There are plenty of iconic figures in the racing community, but not many of them made a bigger impact on the motorcycle industry than Tom White. Sadly though, the 68-year-old White passed away earlier this month after a battle with cancer.
Raised in Huntington Beach, California, White grew up surfing in the ocean before he discovered another passion that brought him back to dry land. That infatuation was with riding motorcycles and he became so good at flat track racing that he rose to national number 80 in the professional ranks.
While he competed on flat tracks from 1971 to 1976, White expanded his interests into the business world when he opened Tom White's Cycle Specialties in 1976. Initially founded as an aftermarket product company for motorcycles, the company grew exponentially over the next 25 years. White eventually brought his brother Dan in as a partner and they changed the company's name to White Brothers Cycle Specialties, which became a $40 million-a-year-company before the brothers sold it in 2000.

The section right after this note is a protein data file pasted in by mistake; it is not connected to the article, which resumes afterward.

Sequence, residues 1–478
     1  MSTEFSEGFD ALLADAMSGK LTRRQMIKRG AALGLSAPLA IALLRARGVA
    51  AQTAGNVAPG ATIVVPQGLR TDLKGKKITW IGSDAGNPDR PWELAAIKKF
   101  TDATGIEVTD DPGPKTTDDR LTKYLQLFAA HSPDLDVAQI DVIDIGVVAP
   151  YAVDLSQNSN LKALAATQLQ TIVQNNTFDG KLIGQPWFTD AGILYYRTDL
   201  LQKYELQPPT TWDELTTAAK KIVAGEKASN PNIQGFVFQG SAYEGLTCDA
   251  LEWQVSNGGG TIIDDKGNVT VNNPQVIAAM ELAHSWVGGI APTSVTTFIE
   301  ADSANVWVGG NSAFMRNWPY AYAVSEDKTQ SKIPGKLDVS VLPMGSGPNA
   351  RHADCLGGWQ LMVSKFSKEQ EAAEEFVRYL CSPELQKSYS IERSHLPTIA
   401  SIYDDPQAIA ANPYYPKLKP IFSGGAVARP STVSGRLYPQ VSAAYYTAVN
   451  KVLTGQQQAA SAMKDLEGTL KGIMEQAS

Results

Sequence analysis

Afterwards, White began assembling and refurbishing classic motorcycles. That large collection of bikes became the foundation of the Motorcross Museum, which White used to raise money for the High Hopes Head Injury Program. This was inspired by the distressing brain injury suffered by his son Brad. That injury is what inspired White to sell his successful business in the first place, so he could spend more time with his family.
"He was an example to all of us in so many ways - an example of what we all aspire to be," said his daughter, Kristin Anderson, according to The Orange County Register. "He always told us to be passionate about whatever we did and work hard, and he was a living example of that."
Despite his cancer diagnosis, White still lived each day to the fullest, calling motocross races on the weekends and taking his bikes out for rides on the track. In fact, White took one last ride at Perris Raceway in Riverside County three weeks ago, which is the same track where he picked up his first victory.
Even though White lost his battle with cancer on Nov. 2nd, his legacy will live on at the AMA Motorcycle Hall of Fame, as he was inducted in 2014.
"Tom White was one of the great people in motorcycling," said Rob Dingman, president and CEO of the American Motorcyclist Association, according to roadracingworld.com. "In addition to his personal accomplishments on the track and in the business community, Tom was a wonderful person and a joy to be near."